When a company is facing financial difficulties, the Directors of that company should be aware to the procedures that must be followed in relation to redundancies in order to avoid prosecution.Read more
More guidance on overtime and holiday pay…
There has been further Court guidance about the extent to which employers need to include overtime in holiday pay calculations.Read more
HR influence in disciplinary investigations could result in unfair dismissal
It is recognised that HR departments are routinely involved in disciplinary investigations. However, the recent case of Ramphal v Department for Transport has emphasised the importance of HR's advisory and impartial role in such situations. It is essential for businesses and their HR Departments to be aware of the scope of HR involvement in such situations.Read more
The daily commute is ruled to be 'working time' for mobile employees
The Court of Justice of the European Union ("CJEU") has ruled that, for employees with no fixed or habitual place of work, time spent travelling between their home and their first and last locations of work is to be regarded as 'working time' for the purposes of the Working Time Directive.Read more
Sunday Trading - consultation on devolving Sunday trading rules
The current Sunday trading rules were established 21 years ago in the Sunday Trading Act 1994. These were designed to limit the opening hours of large stores (those with a relevant floor area over 280 square metres/ 3,000 square feet) to 6 hours on a Sunday. Smaller stores are entitled to open all day. However, with a move towards a more secular society over this period and the changes brought about by internet shopping, is there a need for change?Read more
Termination Payments: A Taxing Issue
Calculating the tax due on payments arising from the termination of an individual's employment can be difficult, and often causes additional complication and concern at an already challenging time for both employer and employee.Read more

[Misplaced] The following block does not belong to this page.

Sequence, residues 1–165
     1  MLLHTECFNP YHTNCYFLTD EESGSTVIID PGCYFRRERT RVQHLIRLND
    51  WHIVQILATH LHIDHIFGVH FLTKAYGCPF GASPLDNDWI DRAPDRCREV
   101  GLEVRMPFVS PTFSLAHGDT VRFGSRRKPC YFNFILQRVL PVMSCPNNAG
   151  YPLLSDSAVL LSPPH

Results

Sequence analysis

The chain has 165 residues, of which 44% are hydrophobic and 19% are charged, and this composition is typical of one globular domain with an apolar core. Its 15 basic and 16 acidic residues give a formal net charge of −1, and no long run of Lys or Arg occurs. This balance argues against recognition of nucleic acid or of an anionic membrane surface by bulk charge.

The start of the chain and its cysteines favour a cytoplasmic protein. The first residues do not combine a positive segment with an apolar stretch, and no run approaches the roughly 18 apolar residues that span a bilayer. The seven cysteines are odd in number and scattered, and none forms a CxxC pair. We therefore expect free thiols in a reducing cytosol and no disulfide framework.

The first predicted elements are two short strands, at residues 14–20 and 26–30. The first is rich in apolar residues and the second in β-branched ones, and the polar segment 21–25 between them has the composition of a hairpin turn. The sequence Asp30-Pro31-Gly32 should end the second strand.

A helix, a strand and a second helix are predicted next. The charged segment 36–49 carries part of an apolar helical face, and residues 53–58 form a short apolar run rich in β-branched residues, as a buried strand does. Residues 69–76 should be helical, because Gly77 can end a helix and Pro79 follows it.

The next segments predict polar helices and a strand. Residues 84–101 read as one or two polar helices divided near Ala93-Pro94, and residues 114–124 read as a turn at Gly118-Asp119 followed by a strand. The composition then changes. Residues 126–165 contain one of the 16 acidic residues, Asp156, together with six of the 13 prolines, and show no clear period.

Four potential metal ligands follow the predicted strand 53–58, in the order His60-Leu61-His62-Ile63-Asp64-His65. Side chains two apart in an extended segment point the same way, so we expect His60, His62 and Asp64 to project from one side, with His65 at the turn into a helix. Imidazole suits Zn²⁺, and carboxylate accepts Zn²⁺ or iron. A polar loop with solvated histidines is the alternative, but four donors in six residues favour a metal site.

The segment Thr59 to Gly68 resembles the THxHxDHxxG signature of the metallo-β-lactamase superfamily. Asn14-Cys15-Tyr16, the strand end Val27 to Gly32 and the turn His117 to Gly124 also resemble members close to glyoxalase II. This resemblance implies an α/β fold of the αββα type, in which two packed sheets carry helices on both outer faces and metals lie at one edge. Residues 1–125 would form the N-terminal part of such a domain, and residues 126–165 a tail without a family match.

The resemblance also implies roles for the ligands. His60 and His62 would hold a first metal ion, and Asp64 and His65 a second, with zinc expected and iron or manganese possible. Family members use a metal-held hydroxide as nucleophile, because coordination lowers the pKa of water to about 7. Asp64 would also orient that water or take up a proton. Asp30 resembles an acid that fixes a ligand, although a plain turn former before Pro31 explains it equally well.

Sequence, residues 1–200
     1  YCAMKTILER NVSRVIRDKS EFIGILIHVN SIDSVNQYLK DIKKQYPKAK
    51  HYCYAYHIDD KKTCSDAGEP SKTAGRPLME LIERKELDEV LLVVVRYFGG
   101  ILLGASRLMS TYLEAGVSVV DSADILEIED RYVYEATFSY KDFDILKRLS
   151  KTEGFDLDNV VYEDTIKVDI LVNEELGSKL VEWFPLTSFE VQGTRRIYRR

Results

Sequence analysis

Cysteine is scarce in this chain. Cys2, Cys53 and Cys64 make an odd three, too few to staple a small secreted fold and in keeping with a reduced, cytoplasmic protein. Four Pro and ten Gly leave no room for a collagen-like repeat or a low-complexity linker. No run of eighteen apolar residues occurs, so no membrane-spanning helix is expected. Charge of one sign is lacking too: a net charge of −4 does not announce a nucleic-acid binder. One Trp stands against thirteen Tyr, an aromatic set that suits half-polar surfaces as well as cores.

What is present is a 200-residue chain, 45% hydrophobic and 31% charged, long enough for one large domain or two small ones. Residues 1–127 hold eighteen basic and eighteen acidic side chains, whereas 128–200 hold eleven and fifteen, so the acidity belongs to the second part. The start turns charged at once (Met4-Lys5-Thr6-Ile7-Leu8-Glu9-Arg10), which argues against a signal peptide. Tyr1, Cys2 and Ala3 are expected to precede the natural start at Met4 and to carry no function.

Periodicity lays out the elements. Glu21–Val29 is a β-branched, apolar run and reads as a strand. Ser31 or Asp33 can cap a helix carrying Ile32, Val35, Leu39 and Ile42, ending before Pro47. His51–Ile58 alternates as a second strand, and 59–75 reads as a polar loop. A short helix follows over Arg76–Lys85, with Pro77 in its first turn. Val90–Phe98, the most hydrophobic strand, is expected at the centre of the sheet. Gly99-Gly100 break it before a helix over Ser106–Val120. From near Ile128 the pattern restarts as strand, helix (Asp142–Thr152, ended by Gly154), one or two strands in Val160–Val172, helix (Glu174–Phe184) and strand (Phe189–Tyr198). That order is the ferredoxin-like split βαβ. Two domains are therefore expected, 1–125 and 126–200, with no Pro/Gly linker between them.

UK Court Hears First Case on Points-Based Immigration System
Despite a boom in business immigration in recent years, the court has only recently heard the first case concerning 'Tier-2' of the UK's points-based immigration system in R (on the application of Raj & Knoll Ltd) v Secretary of State for the Home Department (2015).Read more
Changes to Local Authority Dismissal Procedures
The Local Authority (Standing Orders) (England) (Amendment) Regulations 2015 are due to come into force on 11 May 2015, and introduce significant changes regarding the dismissal of the statutory officers of local authorities.Read more
Whistleblowing update: What exactly is 'in the public interest'?
Under current legislation, a worker must have made a 'qualifying disclosure' to benefit from whistleblowing protection. A qualifying disclosure is any disclosure of information which, in the reasonable belief of the worker making it, is made in the public interest and shows that a specified type of wrongdoing has taken place, is taking place or is likely to take place.Read more
In a recent case looking at staff handbooks, the High Court held that the Department for Transport ("DfT") was not entitled to unilaterally change the terms of its staff handbook, which the High Court found had been incorporated in part into its employees contracts of employment.Read more
Do you have employees that work remotely from abroad?
A recent case decided by the Employment Appeal Tribunal ("EAT") has added a new twist to the territorial scope of UK employment law, and your employees may now be within the scope to bring claims under UK employment law.Read more
Clarification of the law relating to holiday pay
In a decision published today, the Employment Appeal Tribunal has clarified various aspects of ongoing disputes of how to calculate holiday pay.Read more